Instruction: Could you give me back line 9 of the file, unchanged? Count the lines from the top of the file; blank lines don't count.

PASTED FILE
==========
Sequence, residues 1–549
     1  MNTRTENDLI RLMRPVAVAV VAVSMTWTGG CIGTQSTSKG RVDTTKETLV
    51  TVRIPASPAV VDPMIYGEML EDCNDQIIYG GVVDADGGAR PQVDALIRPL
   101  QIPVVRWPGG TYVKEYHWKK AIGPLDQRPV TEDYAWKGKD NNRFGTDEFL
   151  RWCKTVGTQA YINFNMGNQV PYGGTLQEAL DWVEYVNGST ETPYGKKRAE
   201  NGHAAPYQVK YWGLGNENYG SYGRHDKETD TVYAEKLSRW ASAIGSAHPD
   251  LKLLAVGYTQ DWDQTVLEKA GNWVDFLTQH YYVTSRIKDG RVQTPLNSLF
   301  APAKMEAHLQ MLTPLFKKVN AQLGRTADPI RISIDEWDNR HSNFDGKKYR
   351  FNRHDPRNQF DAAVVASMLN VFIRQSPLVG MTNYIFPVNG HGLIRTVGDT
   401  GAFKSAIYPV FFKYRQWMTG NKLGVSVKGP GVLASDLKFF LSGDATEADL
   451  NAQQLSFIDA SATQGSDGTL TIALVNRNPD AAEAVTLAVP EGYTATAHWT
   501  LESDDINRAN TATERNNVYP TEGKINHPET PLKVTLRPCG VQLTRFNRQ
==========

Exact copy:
   351  FNRHDPRNQF DAAVVASMLN VFIRQSPLVG MTNYIFPVNG HGLIRTVGDT